Old becomes New: Shining a new light on old landmarks, Varna: Varna has celebrated two of its oldest landmarks, by adding modern installations. Evening visitors to the Aladzha rock monastery now have the opportunity to observe nightly light and sound shows on the walls of the famous monument. The show is based on the book “Legends of Aladzha monastery” by Valeri Kinov. Additionally, a stage has been constructed at the famous Roman baths and the old landmark is now home to the yearly theatre festival, which takes place during the summer months. Find out more at: https://viafest.org/varna/en/about/
32 From the above presentation of the projects and initiatives crafted, elaborated on and implemented in various cities around Europe, within the framework of the EU Initiative, we can see that it is a very promising program encompassing numerous ideas and endeavors. The range and diversity are unlimited. European cities were offered the opportunity to share their exemplary practices as smart tourism destinations and cities are implementing and showcasing the most outstanding measures .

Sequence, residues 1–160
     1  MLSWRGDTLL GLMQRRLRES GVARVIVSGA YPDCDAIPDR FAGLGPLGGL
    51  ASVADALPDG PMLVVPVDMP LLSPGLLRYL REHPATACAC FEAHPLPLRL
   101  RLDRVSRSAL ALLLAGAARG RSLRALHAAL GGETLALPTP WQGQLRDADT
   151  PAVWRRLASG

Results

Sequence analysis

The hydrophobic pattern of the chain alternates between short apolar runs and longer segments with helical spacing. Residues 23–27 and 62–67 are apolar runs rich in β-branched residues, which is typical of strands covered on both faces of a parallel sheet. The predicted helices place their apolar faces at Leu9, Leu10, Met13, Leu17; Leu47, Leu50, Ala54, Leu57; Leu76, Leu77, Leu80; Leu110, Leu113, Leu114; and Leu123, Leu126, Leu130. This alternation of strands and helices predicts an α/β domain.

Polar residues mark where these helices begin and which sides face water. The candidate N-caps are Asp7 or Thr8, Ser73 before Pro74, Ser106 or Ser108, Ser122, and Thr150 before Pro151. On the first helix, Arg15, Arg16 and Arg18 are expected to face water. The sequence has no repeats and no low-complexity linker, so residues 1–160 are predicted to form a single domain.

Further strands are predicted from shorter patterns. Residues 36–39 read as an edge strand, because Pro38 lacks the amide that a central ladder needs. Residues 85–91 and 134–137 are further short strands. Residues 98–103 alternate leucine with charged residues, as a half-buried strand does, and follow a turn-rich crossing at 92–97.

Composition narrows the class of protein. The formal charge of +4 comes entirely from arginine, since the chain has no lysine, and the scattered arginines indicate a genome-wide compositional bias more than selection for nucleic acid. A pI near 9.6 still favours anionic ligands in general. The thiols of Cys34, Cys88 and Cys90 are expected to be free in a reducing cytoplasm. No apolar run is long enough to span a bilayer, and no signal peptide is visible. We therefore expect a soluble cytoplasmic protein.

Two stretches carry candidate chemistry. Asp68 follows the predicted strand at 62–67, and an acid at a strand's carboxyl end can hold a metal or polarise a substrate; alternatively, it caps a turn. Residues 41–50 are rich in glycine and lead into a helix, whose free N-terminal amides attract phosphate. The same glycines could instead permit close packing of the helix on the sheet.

33 We have seen some exemplary practices/projects by cities as tourism destinations in implementing innovative and intelligent solutions in various fields/domains, which helped them to improve their profile and increase their appeal/attractiveness as a tourism destination.
34 This case study aimed to present a selection of their innovative projects, ideas and initiatives implemented. It illustrates a selection of best practices in the category “Cultural Heritage and Creativity”.
35 It is worth pointing out that, the best practices outlined in this case study are solely a selection, maybe arbitrary, and by no means exhaustive. It aimed to demonstrate in a practical/implementable way specific cases, concrete actions and solutions implemented.